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Sunday, July 18, 2021

Halachic Times (Zmanim)
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Fast of Tishah B'Av
Jewish History

On the Ninth of Av of the year 2449 from creation (1312 BCE), the generation of Jews who came out of Egypt under Moses' leadership 16 months earlier were condemned to die in the desert and the entry into the Land of Israel was delayed for 40 years.

As related in Numbers 14, when the Spies that Moses sent to the Land of Canaan returned with their disheartening report (see "Today in Jewish History" for yesterday, Av 8), the people wept all night -- the night of Av 9th -- proclaiming that they'd rather return to Egypt than attempt to conquer and settle it; G-d decreed that the entire generation would wander in the desert for 40 years until the last of them died out, and that their children, under the leadership of Joshua, will enter the land He promised as Israel's heritage.

This is the first of five national tragedies that occurred on Av 9 listed by the Talmud (Taanit 4:6), due to which the day was designated as a fast day. The other four are: the destruction of the two Temples, the fall of Betar, and the plowing over of Jerusalem. (see below)

Links: The Spies

Both the first and second Holy Temples which stood in Jerusalem were destroyed on Av 9: the First Temple by the Babylonians in the year 3338 from creation (423 BCE), and the second by the Romans in 3829 (69 CE).

The Temples' destruction represents the greatest tragedy in Jewish history, for it marks our descent into Galut--the state of physical exile and spiritual displacement in which we still find ourselves today. Thus the Destruction is mourned as a tragedy that affects our lives today, 2,000 years later, no less than the very generation that experienced it first hand.

Yet the Ninth of Av is also a day of hope. The Talmud relates that Moshiach ("anointed one"--the Messiah), was born at the very moment that the Temple was set aflame and the Galut began. [This is in keeping with the teachings of our sages that, "In every generation is born a descendent of Judah who is worthy to become Israel's Moshiach" (Bartinoro on Ruth); "When the time will come, G-d will reveal Himself to him and send him, and then the spirit of Moshiach, which is hidden and secreted on high, will be manifested in him" (Chattam Sofer).]

The Holy Temple: an Anthology
Moshiach: an Anthology
Moshiach and the Future Redemption
See "Laws and Customs"

Betar, the last stronghold in the heroic Bar Kochba rebellion, fell to the Romans on the 9th of Av of the year 3893 (133 CE) after a three-year siege. 580,000 Jews died by starvation or the sword, including Bar Kochba, the leader of the rebellion.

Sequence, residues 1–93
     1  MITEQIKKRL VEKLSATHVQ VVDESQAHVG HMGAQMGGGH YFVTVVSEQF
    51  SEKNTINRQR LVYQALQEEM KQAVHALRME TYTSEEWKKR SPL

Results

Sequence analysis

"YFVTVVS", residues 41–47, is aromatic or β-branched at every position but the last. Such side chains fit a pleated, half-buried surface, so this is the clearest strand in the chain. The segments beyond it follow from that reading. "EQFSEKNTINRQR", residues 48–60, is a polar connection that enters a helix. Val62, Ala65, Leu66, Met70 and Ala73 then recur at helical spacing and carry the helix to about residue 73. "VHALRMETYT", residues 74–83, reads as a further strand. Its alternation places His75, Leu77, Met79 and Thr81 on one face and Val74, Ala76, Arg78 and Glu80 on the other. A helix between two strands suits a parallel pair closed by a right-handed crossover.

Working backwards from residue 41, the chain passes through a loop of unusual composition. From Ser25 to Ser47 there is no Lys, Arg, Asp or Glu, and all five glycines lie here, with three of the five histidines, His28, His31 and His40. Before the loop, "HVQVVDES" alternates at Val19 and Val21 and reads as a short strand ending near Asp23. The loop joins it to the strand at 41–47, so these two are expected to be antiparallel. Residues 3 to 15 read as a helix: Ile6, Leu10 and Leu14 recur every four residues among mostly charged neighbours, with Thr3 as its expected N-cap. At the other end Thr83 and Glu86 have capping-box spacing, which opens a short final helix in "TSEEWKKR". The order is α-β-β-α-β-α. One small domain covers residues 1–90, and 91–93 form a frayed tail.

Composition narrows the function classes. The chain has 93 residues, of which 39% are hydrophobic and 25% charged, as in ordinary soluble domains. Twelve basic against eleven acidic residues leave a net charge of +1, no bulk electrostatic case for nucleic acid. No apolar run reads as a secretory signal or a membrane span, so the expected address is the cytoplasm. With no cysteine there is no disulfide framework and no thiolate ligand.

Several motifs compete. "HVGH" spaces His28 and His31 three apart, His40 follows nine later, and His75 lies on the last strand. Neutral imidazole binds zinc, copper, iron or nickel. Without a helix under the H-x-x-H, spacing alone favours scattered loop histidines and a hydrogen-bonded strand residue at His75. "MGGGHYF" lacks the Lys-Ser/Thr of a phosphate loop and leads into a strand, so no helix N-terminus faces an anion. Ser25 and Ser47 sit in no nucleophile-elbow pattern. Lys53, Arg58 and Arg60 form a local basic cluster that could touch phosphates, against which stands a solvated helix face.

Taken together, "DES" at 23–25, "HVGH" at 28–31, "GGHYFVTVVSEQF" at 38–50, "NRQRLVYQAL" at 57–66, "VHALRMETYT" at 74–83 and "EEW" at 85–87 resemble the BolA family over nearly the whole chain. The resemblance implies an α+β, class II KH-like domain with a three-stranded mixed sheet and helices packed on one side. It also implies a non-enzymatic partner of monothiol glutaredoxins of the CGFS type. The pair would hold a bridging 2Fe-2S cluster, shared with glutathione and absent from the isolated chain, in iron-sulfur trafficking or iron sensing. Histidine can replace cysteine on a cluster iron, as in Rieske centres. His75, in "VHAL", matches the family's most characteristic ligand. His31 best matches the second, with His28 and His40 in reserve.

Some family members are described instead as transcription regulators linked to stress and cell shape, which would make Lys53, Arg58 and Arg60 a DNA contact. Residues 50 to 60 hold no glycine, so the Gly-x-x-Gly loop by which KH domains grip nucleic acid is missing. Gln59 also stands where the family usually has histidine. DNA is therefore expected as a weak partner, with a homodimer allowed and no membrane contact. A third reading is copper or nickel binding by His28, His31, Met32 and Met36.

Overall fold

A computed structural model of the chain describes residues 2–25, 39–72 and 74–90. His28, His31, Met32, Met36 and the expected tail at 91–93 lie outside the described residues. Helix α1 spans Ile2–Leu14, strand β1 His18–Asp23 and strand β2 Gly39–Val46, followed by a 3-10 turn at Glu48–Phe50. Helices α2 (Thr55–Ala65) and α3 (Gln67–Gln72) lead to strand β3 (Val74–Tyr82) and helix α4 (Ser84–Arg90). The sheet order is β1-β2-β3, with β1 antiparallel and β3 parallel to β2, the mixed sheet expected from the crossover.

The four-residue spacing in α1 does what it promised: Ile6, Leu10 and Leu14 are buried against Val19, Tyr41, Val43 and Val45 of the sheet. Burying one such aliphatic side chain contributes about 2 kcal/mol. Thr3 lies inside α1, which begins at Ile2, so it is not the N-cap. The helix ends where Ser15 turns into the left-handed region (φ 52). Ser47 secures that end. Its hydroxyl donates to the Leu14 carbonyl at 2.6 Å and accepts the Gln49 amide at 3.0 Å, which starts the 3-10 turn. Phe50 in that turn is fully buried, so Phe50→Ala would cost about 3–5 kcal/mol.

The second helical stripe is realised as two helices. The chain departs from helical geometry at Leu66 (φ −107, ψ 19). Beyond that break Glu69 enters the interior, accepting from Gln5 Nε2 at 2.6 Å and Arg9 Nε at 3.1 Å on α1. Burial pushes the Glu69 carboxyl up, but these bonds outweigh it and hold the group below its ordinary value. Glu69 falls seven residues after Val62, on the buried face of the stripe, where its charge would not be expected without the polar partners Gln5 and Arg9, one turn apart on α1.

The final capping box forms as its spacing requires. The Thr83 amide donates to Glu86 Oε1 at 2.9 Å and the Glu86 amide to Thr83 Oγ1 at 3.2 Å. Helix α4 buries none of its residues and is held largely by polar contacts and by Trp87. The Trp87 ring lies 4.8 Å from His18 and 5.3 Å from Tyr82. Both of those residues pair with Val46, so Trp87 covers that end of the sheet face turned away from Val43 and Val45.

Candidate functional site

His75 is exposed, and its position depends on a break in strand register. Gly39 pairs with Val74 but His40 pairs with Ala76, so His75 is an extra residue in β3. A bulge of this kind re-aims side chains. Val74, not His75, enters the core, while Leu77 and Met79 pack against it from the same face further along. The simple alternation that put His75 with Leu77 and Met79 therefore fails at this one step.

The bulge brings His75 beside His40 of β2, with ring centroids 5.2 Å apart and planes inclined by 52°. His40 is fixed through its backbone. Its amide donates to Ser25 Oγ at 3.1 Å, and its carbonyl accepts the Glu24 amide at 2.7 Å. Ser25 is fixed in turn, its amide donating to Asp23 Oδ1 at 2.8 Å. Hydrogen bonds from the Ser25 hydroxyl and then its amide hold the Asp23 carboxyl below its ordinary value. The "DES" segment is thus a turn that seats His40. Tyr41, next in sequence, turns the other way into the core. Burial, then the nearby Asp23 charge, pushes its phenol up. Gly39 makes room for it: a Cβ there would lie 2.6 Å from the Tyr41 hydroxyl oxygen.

Link: A Talmudic account of the fall of Betar

On this date in 1290, King Edward I of England issued an Edict of Expulsion, ordering the expulsion of all Jews from his territory.

The Jews of Spain were expelled by King Ferdinand and Queen Isabella on the 9th of Av of 1492, terminating many centuries of flourishing Jewish life in that country.

Passing of R. Yaakov Yitzchak Horowitz, the “Seer” of Lublin (1815)

R. Yaakov Yitzchak Horowitz (1745–1815), known as the “Seer of Lublin,” was the successor to R. Elimelech of Lizhensk (1717–1787), and a major personality in the spread of the chassidic movement throughout Poland. Many of the great Chassidic masters of the time were his disciples. Many of his insights were published posthumously in Divrei Emmet, Zichron Zot, and Zot Zichron.

Link: The Clock, Crossroads Puzzle, The One That Nearly Got Away

Laws and Customs

Mourning the destruction of the Temple and the exile of Israel, (see "Today in Jewish History") we abstain from eating and drinking, bathing, the wearing of leather footwear, and marital relations--for the night and day of Av 9 (i.e., from sundown on Av 8 to nightfall on Av 9). It is customary to sit on the floor or a low seat until after mid-day. Torah study is restricted to laws of mourning, passages describing the destruction of the Temple, and the like. The tefillin are worn only during the afternoon Minchah prayers. (For more laws and customs see link below.)

Mitzvah Minute: Tisha b'Av
Laws of Tishah B'Av

Tachnun (confession of sins) and similar prayers are omitted.

Daily Thought

To dislocate a single stone of the Holy Temple is forbidden by the Torah. How did G‑d permit Himself to destroy the entire structure?

It must be that this was not a destructive act. Rather, it was the initial phase of construction of a much greater structure, one that would be eternally indestructible.

After all, where will we find indestructible materials for the Temple? Outside the promised land, in the wanderings of exile.

Because as long as there is any place in this world that considers itself outside the realm of holiness, there remains a place for destruction of G‑d’s Temple.

But in our exile, we meet face to face all that considers itself foreign to the divine. We grasp its reins, extract its poison, and channel its power.

So that this third and ultimate Temple will be built of the outside turned inward, of darkness taught to shine, of the other converted to the One, the most sinister enemy as beloved friend.

No opposition will remain in the universe. And so it will last forever.

In truth, there was never any destruction, only deep love.

Likutei Sichot, vol. 29, pg. 9.